Most Self-Help Books Are Wastes of Time

Photo by Asal Lotfi on Unsplash

3 Common Traits of a Bad Self-Help Book

Note: my definition of a good self-improvement book is one that actually teaches you to become a better person. If you are looking for a fun read, a different perspective, or motivational materials, these books might be good reads.

Offers Unproven Advice

Imagine this: the author is trying to teach you a trick to make anyone like you instantly; after a brief description, she went on to tell you a story of how her popular celebrity friend uses this trick to win everyone’s heart at a high-profile party. Sounds familiar? This is a classic example of using pseudo-evidence to support an argument. Her friend’s popularity might be a result of multiple factors, and it is likely that many of these stories are made up.

Offers Conventional Wisdom

Another infamous category includes books that state the obvious. They usually frame it differently, but the main points are what you have heard a hundred times from your mom in grade school. For example, a book offers you the number one “secret” of successful people after interviewing 120 CEOs and celebrities — be proactive. Well, I know that already.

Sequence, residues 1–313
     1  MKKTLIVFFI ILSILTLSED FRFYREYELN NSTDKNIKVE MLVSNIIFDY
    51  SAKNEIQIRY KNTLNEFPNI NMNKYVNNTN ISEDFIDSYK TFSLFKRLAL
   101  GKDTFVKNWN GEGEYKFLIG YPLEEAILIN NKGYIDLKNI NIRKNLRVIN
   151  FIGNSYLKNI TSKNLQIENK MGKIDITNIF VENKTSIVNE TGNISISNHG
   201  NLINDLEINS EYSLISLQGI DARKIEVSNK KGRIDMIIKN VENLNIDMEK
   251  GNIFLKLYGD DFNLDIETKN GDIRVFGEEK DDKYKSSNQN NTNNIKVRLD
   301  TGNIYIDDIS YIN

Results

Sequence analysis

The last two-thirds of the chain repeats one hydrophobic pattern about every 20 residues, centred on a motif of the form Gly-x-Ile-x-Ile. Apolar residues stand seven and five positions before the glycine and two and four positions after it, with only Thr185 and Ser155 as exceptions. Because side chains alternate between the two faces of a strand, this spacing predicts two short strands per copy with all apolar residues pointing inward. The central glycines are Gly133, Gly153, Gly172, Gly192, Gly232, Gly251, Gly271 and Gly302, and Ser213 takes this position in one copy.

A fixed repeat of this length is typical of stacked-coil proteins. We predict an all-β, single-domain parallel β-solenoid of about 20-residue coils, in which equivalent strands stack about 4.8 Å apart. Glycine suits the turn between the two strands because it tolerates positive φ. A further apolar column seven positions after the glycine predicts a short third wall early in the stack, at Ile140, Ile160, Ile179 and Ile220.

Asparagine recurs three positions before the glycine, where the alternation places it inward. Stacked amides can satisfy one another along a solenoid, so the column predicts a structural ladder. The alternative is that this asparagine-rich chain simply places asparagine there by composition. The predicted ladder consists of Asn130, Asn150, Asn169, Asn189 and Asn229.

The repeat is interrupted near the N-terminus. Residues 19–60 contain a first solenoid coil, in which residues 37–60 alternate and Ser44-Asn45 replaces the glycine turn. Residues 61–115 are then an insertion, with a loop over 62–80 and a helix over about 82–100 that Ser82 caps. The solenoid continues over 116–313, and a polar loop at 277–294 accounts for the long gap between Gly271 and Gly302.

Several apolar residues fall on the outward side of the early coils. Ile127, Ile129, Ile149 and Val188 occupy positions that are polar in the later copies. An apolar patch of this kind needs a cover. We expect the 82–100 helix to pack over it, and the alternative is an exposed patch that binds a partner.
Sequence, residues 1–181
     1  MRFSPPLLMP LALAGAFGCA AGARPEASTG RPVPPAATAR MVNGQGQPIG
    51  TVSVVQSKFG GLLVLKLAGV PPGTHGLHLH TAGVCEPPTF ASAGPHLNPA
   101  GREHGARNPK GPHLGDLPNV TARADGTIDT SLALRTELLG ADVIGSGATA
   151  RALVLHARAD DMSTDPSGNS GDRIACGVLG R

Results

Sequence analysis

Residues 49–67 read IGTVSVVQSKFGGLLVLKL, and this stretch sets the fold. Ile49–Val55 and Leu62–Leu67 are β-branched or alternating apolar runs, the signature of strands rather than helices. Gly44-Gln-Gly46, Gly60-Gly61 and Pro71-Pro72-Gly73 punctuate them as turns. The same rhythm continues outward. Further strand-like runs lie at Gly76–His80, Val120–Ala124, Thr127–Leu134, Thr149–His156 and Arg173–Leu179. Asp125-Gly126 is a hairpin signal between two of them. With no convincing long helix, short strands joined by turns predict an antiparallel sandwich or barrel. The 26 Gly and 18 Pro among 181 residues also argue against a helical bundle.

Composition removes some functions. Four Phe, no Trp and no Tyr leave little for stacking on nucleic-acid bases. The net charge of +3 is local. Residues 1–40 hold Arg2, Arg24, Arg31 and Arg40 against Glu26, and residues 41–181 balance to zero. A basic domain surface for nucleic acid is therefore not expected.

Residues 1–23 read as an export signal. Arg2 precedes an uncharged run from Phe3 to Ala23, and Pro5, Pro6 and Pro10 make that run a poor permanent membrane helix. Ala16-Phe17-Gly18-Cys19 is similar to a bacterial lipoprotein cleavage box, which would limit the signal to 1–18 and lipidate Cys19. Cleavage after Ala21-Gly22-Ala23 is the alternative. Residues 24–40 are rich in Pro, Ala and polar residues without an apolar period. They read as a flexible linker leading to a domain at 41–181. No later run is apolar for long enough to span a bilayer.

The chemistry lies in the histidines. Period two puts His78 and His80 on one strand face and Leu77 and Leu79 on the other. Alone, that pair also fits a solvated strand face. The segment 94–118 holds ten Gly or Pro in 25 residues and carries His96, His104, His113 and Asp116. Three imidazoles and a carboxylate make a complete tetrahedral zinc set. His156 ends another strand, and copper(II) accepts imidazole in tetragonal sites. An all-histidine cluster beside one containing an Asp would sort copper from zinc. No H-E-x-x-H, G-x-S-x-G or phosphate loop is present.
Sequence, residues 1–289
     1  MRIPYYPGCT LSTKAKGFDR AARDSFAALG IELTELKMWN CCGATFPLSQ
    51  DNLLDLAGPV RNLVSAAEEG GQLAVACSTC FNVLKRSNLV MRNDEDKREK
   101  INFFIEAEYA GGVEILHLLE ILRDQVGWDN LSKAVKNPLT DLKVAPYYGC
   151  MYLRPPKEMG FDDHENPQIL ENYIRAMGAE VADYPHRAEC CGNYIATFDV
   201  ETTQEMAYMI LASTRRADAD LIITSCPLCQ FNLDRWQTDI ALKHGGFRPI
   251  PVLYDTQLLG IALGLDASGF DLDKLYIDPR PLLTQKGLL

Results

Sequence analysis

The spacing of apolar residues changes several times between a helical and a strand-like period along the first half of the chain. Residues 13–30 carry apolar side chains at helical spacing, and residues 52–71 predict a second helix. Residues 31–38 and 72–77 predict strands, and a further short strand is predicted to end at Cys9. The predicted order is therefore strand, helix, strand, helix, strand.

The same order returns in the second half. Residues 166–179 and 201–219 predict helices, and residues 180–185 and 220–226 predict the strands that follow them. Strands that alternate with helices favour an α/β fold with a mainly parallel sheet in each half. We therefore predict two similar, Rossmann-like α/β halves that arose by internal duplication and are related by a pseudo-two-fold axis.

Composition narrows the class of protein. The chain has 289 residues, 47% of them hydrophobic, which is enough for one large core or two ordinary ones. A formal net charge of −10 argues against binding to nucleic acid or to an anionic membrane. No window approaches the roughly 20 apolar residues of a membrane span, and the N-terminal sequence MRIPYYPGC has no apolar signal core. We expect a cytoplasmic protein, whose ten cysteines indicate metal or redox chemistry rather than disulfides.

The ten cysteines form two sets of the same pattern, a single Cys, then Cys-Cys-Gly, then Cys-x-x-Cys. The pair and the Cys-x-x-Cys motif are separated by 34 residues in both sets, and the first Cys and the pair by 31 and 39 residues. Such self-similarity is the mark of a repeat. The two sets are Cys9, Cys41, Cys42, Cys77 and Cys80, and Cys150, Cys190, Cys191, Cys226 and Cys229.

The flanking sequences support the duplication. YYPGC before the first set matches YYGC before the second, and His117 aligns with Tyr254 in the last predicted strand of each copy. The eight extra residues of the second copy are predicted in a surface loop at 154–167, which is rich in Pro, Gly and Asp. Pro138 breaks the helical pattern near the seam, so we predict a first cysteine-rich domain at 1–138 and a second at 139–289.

Offers Non-Actionable Suggestions

With well-grounded findings to supports its advice, a book may still be not helpful if what it recommends is not actionable. For example, simply telling you that working hard is the basic ingredient for success is not enough. A good book should also offer exercise or incremental steps that you can do to maintain a longer and more efficient work schedule.

Finding Your Next Read

If you are like me and looking for meaningful changes from reading a self-help book, consider these three points before picking your next read. I usually look at a book’s summary and reviews to make sure that:

  • The author uses sound arguments and evidence to show her points.
  • The advice offered is new.
  • The advice offered is relevant and actionable.
  • The author presents evidence from various scientific research and clearly explains how the conclusions are derived from the evidence.
  • The author shed new light on the topic of sleep and challenged some widely accepted myths.
  • The book offers action items for achieving better sleep and the reasoning behind them.

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Kayden Sung

Kayden Sung

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Learner, Minimalist, Software Engineer. Writes about personal development.